U.K. stocks closed lower Wednesday, finishing up February with a monthly loss, as investors focused on the prospect of rising borrowing costs in the U.S. after comments from new Federal Reserve Chairman Jerome Powell. A slowdown in factory activity in China, a key market for London-listed metals producers, also put pressure on London’s benchmark. The FTSE 100 fell 0.7% to end at 7,231.91. On Tuesday, the London gauge slipped 0.1%. For February, the FTSE 100 gave up 4%. That marked its worst monthly performance since August 2015, according to FactSet. The pound fetched $1.3792, down from $1.3908 late Tuesday in New York, as traders eyed news about a European Union document laying out Brexit terms. It was helping to reignite a debate over Northern Ireland’s future.U.K. blue-chip equities came under pressure, echoing action on European and
Asian markets, after a selloff in stocks on Wall Street on Tuesday. U.S. stocks were mixed on Wednesday, midway through their session. Those losses came after the Fed’s Powell told congressional lawmakers that the U.S. economic outlook has strengthened since December.
That was interpreted as a sign the Fed may raise interest rates four times this year, instead of three times as it has previously signalled. Powell will testify before the Senate Banking Committee on Thursday. Persistent worries about higher borrowing rates have unsettled global markets this month, contributing to the FTSE 100’s likely loss for February. Investors focus on U.S. yields and Fed-rate policy, as higher U.S. interest rates tend to drive financial markets globally and as many companies do business in the U.S. Powell’s testimony helped drive the dollar higher, which in turn pressed down on prices of metals denominated in the U.S. currency, such as copper . U.K. stocks of miners dropped Wednesday, tracking that move lower. The mining sector was also under pressure from data showing the pace of growth in China’s manufacturing activity fell sharply in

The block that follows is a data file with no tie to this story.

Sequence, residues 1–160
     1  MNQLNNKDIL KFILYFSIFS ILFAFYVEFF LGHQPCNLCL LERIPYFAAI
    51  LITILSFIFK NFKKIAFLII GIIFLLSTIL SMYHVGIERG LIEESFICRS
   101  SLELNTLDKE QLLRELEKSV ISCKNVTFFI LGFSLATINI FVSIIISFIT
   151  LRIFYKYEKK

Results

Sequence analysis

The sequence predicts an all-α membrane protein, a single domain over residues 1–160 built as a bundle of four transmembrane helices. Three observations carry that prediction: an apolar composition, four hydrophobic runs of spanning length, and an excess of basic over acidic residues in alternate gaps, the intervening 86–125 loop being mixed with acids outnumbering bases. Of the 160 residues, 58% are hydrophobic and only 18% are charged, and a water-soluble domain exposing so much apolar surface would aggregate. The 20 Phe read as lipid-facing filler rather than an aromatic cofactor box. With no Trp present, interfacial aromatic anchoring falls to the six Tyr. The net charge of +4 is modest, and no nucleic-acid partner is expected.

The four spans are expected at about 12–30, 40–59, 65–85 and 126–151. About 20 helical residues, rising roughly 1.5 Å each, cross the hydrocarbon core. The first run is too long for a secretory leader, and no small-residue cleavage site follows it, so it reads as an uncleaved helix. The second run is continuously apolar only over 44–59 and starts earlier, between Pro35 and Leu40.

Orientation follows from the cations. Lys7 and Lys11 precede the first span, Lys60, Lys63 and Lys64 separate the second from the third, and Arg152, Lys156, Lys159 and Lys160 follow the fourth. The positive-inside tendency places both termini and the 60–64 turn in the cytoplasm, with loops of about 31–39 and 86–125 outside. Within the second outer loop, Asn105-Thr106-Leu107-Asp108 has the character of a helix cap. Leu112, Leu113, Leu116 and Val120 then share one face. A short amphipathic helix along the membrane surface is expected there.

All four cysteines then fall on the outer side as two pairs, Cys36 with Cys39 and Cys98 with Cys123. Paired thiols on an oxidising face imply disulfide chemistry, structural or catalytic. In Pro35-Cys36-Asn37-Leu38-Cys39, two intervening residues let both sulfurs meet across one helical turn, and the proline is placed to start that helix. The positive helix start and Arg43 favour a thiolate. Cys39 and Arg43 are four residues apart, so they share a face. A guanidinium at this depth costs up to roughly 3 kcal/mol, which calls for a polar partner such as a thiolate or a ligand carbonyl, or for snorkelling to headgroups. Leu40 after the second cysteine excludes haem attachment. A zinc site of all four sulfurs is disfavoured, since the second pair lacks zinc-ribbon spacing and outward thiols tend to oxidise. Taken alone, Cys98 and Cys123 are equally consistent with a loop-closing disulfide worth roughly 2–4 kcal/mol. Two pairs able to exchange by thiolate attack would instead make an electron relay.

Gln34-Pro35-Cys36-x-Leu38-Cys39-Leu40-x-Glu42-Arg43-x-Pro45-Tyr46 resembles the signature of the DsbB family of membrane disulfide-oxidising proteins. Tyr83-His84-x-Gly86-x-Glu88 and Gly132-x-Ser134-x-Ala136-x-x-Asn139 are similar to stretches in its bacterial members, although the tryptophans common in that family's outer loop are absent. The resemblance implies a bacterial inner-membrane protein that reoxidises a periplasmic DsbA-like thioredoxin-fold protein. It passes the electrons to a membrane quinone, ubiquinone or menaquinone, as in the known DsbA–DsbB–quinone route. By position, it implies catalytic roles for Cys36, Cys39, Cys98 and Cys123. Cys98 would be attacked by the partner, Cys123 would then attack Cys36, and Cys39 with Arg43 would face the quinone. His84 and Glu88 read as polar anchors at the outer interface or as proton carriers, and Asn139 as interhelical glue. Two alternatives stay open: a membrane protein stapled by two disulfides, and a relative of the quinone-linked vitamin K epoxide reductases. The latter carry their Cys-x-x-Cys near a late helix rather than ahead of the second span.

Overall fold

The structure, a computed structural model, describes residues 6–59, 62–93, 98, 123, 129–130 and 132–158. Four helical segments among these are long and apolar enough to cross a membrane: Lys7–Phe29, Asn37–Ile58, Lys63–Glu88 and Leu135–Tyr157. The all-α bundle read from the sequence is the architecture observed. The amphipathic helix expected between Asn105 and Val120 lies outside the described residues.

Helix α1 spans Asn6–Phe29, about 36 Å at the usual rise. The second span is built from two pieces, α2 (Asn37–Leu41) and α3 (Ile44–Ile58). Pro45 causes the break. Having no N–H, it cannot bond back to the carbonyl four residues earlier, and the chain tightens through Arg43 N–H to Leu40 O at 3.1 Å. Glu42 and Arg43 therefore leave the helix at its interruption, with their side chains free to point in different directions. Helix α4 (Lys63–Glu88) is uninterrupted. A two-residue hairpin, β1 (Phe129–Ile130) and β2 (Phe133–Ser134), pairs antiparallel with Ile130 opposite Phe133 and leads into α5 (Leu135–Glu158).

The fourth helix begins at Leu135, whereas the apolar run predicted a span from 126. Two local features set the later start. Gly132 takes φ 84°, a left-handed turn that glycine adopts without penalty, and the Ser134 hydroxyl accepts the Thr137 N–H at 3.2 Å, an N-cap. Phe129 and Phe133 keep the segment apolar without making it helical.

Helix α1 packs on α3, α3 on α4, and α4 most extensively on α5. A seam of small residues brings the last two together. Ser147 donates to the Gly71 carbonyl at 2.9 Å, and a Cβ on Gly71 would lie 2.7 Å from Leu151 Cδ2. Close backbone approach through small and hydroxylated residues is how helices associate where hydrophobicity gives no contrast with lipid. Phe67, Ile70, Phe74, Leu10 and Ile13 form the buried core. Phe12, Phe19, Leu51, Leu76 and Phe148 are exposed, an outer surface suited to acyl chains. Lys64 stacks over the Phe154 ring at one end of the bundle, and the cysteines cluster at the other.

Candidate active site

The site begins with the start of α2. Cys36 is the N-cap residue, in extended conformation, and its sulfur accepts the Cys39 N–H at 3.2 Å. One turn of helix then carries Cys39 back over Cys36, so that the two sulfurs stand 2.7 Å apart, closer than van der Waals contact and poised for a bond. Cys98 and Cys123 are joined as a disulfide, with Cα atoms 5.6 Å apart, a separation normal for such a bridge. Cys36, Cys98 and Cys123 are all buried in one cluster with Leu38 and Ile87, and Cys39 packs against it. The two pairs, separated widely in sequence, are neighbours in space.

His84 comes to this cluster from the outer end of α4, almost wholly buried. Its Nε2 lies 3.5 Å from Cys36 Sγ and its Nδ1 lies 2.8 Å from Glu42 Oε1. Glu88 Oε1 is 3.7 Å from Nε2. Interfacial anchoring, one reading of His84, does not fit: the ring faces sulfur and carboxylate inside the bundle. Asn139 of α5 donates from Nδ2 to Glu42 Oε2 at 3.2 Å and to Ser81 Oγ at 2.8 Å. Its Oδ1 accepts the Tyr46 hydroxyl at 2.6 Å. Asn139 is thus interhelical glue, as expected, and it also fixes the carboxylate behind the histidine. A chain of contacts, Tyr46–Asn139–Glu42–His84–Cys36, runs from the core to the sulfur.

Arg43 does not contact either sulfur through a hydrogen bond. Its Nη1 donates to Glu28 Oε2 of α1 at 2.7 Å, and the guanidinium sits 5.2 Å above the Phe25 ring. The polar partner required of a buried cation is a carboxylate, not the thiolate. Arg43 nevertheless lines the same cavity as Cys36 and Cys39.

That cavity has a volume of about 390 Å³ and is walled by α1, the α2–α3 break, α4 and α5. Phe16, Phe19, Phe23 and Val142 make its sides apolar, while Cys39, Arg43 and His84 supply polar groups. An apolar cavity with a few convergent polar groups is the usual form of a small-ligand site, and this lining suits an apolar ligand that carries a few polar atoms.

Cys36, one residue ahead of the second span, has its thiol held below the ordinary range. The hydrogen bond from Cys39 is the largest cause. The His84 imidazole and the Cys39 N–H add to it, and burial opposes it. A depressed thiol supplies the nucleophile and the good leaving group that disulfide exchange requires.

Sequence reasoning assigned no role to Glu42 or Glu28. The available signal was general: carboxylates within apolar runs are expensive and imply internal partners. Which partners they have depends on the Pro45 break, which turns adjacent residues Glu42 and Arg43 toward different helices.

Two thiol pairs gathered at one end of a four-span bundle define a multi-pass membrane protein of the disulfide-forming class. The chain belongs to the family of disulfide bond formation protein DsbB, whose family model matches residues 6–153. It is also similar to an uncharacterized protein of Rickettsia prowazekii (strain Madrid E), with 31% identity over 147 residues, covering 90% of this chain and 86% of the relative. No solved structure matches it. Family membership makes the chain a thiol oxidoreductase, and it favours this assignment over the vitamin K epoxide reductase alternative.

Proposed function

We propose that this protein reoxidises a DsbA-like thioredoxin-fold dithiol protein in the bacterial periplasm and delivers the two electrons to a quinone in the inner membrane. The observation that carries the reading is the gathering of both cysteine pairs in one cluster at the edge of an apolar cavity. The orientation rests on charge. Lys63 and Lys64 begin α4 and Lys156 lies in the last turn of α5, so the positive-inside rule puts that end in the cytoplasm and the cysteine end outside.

February . China is a major buyer of both industrial and precious metals. ITV PLC shares slid 7.6% after the broadcaster’s pretaxprofit of £500 million ($697.1 million) fell short of a FactSet consensus estimate of £558 million.
Taylor Wimpey PLC shares dropped 4% as the home builder posted a 6.9% fall in 2017 pretaxprofit. Admiral Group PLC shares fell 4.6%. They erased an earlier gain that came as the insurance company announced its 2017 profit rose 45%.
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